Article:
Blog by Vanessa Davidson, a Housing Navigator at Crossroads Rhode Island
"It must be challenging to find housing for homeless people"
When I share what I do for work, and what we do as an agency with others, the first and most common response is "Wow! It must be really challenging to find housing for homeless people."
Although not entirely untrue, the challenges we face are not exclusive to the demographic we serve. Current market rents, unit availability and funding play a large role in the obstacles we overcome daily.
Unfortunately, this instinctive, assumptive response emphasizes the bias that someone's state of homeless precedes the actual individual or family experiencing it.
No one is immune to this epidemic
There are evidence-based statistics showing factors that may increase the likelihood of becoming homeless. Oftentimes, these factors and circumstances are outside of the person's control.
Gender, marital status, and education level all fall within this category. Even so, we serve clients of all races, ethnicities, sexual/gender orientations and ages. The reasons people come to Crossroads range from incidental financial hardships, like a loss of a job, relocating after natural disasters, ending cycles of domestic violence, substance abuse, and mental health issues.
One client we served came to Crossroads after a serious accident caused traumatic brain injury. Sudden and severe memory loss left her unable to work and remember when to pay bills, including rent. This educated, gainfully employed adult found their world turned entirely upside down in one instant.
Any of your relatives, friends, work peers, neighbors or other members of your community could experience homelessness at some point in their lives. No one is immune to this epidemic.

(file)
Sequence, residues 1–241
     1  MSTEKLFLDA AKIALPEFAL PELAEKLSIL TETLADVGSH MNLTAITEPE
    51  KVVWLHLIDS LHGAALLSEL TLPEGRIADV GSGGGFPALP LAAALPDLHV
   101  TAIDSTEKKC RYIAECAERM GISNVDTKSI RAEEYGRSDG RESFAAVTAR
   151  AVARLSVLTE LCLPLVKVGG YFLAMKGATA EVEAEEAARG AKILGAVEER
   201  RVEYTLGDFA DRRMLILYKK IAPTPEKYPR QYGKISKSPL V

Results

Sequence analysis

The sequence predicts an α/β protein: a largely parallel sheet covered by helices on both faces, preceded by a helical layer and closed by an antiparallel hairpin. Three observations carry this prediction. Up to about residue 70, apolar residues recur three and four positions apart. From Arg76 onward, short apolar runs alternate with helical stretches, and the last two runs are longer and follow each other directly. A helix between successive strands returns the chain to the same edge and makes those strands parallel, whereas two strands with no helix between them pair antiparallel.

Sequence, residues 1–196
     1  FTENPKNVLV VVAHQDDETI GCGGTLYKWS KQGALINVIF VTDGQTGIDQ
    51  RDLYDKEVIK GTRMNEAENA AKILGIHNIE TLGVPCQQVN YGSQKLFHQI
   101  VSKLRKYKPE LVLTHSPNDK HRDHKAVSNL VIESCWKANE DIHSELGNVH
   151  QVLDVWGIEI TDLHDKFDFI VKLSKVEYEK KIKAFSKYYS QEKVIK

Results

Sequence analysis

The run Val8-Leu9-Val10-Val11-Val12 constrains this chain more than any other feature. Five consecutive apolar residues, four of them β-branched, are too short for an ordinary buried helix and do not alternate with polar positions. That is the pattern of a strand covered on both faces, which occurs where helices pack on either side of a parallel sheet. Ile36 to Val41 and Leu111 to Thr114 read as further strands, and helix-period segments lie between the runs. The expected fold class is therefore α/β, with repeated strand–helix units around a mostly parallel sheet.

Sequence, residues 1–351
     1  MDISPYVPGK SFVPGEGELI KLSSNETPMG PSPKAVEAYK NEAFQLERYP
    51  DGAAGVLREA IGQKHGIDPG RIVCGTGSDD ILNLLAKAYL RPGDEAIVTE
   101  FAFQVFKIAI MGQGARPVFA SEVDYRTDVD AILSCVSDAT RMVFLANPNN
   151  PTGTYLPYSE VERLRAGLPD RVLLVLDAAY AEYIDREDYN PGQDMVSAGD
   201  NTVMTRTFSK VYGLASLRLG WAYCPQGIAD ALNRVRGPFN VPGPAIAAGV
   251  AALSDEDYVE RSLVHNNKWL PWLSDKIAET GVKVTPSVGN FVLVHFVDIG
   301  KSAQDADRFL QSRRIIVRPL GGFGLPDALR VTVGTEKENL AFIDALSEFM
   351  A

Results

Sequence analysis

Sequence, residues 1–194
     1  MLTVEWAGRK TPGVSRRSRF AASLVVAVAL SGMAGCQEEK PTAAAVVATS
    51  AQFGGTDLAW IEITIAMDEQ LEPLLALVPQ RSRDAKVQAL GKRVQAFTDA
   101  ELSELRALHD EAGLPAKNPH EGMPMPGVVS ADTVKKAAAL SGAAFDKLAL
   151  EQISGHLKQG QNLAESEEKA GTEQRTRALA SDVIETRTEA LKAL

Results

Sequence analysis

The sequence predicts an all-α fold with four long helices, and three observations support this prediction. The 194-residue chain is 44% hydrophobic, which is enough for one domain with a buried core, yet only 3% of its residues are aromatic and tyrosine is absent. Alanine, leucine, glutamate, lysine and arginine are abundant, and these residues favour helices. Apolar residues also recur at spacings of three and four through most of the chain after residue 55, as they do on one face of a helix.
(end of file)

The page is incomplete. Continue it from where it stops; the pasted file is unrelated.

Working towards a common goal: Housing First
We use the internationally renowned Housing First model at Crossroads, which states that clients are more likely to succeed at addressing personal matters or accomplishing goals once they are housed. The only requirement one must meet to obtain services is that they need to be homeless and able to sign a lease.
This may come as a shock to some but consider the last time you relocated; at some point, without doubt, there was some level of stress involved. Now imagine moving during what could be the most vulnerable period of your life. Although there is excitement attached with the transition out of a shelter, oftentimes clients become hesitant, even fearful, after securing a place to live.
In cases involving trauma, substance abuse, and mental illness, it is especially important to remain mindful of the client's situation to ensure the smoothest adjustment to change as possible. Some clients require more intensive and ongoing assistance; however, housing stability and good tenancy skills can be achieved when everyone is working towards this common goal.
Seeing a client regain their life by utilizing our services is an indescribable feeling. I myself have suffered from mental illness and recognize without my apartment, gainful employment, and support from family, friends and colleagues, I would not have been able to focus on or afford proper selfcare and services that allow me to maintain the life I want and deserve. Creating the same opportunity for our clients by assisting them through the housing process is what the Housing First model preaches, and it works.
A common thread
The common thread between all our guests, regardless of what program they are receiving services from, is that they need housing and support. Are some of our clients hungry? Yes. Are there growing children in need of clothes? Yes. Do some people need professional attire or hygiene products for a job interview? Yes.
Aside from all of the above, first and foremost, homeless people need housing. Everything else can be addressed after this is obtained.
The collective of people working at Crossroads is comprised of amazing individuals who are committed to relentlessly helping clients improve their lives. Without the additional support from within the communities our clients integrate into, our efforts can only go so far. Education is key to maximizing housing opportunities and effectively de-stigmatizing the homeless population. It is truly an honor to serve our clients, and I am proud to be part of a network of like-minded people working towards ending homelessness.